Common Diseases in SamoaSamoa is a great vacation destination. There are museums, places to go surfing and beaches to relax on. However, the tropical weather and abundance of water gives rise to many infectious diseases. Below is a guide to the most common diseases in Samoa.

Zika Virus
Due to a number of mosquitoes carrying the Zika virus, the virus has become one of the most common diseases in Samoa. Thus, the Centers for Disease Control and Prevention (CDC) recommends taking precautionary measures. The virus is spread via mosquito bites and sexual contact with an infected person. Thus, the CDC advises travelers and locals to avoid bug bites and use condoms whenever possible. This is even more important for pregnant women, as they are at risk of passing the virus onto their offspring.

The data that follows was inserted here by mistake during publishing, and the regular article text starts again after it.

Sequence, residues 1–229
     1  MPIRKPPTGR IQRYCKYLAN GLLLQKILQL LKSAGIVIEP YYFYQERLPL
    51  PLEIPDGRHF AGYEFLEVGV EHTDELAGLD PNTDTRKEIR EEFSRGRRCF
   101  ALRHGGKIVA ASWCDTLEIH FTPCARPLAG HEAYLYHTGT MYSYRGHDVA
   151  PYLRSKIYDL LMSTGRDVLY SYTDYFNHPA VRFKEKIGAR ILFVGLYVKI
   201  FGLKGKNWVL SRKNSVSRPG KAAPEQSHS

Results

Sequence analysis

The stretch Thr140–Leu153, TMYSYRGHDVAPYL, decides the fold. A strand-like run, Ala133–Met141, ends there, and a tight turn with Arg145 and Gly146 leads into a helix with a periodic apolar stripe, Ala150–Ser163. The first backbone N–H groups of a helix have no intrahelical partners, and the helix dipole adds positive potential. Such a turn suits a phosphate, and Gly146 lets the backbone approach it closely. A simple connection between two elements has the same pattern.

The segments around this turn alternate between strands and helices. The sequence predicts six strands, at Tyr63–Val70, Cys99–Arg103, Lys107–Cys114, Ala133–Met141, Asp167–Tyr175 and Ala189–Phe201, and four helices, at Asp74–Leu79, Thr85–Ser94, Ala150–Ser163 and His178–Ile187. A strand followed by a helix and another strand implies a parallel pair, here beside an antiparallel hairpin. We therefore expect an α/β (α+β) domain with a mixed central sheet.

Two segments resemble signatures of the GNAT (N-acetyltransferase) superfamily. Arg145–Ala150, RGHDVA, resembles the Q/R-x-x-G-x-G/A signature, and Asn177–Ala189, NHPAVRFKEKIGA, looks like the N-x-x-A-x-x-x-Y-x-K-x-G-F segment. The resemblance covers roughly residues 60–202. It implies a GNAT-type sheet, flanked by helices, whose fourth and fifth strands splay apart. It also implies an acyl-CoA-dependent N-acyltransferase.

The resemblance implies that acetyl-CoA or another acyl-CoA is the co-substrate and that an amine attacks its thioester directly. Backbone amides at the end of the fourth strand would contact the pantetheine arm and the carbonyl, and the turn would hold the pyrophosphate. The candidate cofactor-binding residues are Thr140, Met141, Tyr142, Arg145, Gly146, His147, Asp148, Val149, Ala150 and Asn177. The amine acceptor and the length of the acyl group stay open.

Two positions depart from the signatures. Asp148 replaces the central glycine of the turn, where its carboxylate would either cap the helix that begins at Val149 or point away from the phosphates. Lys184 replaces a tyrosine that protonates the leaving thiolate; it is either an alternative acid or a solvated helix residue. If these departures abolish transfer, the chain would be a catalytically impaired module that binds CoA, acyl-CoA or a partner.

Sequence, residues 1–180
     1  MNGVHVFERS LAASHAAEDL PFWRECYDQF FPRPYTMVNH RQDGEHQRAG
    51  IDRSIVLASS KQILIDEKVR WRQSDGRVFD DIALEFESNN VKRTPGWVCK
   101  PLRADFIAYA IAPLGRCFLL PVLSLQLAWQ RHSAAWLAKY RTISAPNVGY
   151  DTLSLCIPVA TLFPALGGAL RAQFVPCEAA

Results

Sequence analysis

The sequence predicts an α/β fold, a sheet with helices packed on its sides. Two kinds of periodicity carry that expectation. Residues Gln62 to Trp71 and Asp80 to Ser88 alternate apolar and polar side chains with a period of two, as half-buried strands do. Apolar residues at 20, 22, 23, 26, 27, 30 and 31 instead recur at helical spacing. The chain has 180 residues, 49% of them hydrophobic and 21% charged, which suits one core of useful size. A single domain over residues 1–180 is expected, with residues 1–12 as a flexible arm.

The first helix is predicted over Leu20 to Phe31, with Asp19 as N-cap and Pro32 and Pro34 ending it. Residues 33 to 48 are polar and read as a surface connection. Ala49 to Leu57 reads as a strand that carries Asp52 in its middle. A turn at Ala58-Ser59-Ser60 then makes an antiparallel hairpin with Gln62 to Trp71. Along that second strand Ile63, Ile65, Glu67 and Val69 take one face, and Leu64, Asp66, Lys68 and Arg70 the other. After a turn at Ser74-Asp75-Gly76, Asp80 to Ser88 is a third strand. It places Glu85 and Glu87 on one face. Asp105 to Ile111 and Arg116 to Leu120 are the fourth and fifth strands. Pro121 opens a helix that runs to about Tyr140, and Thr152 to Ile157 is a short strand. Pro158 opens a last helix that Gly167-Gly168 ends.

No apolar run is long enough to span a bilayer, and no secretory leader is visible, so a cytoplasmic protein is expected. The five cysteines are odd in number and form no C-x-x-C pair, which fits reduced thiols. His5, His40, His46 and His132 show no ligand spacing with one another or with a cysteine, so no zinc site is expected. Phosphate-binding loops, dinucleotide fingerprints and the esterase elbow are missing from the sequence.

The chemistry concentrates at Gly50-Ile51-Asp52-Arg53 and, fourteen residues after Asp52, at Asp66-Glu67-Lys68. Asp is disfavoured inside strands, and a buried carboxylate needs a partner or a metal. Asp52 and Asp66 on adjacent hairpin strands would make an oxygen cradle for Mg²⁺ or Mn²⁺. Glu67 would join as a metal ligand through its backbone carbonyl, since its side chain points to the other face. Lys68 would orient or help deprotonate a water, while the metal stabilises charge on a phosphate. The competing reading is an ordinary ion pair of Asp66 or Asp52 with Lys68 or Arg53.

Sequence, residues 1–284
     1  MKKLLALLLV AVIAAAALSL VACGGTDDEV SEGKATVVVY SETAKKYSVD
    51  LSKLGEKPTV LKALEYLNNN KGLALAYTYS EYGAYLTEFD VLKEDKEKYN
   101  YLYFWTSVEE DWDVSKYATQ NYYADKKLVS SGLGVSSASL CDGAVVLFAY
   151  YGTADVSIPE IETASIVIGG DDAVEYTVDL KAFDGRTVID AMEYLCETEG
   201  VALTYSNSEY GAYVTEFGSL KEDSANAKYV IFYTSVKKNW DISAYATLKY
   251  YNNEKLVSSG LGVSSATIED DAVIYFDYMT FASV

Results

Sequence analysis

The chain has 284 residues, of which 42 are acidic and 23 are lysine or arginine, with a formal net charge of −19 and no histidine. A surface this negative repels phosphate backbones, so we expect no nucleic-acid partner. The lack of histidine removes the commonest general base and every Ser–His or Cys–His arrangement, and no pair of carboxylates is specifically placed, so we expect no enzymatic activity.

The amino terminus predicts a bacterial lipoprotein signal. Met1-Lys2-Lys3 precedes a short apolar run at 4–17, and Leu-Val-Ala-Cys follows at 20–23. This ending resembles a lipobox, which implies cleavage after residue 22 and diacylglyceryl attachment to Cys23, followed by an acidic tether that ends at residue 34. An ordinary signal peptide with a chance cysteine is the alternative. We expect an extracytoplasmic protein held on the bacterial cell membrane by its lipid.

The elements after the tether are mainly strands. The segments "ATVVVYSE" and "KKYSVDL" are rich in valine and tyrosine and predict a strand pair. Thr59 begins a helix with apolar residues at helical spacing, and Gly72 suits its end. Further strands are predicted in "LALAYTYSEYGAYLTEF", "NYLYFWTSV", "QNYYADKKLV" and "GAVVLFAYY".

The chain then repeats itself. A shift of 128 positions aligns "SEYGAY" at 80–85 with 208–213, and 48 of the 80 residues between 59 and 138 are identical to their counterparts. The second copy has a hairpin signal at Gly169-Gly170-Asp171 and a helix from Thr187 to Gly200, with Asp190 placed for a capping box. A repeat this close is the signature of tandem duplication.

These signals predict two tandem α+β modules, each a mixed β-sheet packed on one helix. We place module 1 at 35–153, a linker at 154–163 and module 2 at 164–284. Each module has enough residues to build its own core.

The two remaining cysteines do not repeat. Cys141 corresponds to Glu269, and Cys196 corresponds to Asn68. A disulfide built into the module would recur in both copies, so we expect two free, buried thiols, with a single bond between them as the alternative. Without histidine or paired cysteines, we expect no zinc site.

Also, it is possible to contract the virus and not even know it. It is typical for people to not experience anything beyond a mild sickness (if they get sick at all) or show distinct symptoms. At the time of writing, there are no cures, medication or vaccines for the Zika virus.

Hepatitis A
Spread through contact with the hands of an infected person and contaminated water and food, people are at risk of catching hepatitis A in Samoa. If someone does develop symptoms, they likely won’t appear until the virus has been in their system for a couple of weeks. The symptoms include mild fever, joint pain, loss of appetite, nausea, vomiting, fatigue, abdominal/liver pain or discomfort, jaundice, clay-colored bowel movements and dark urine.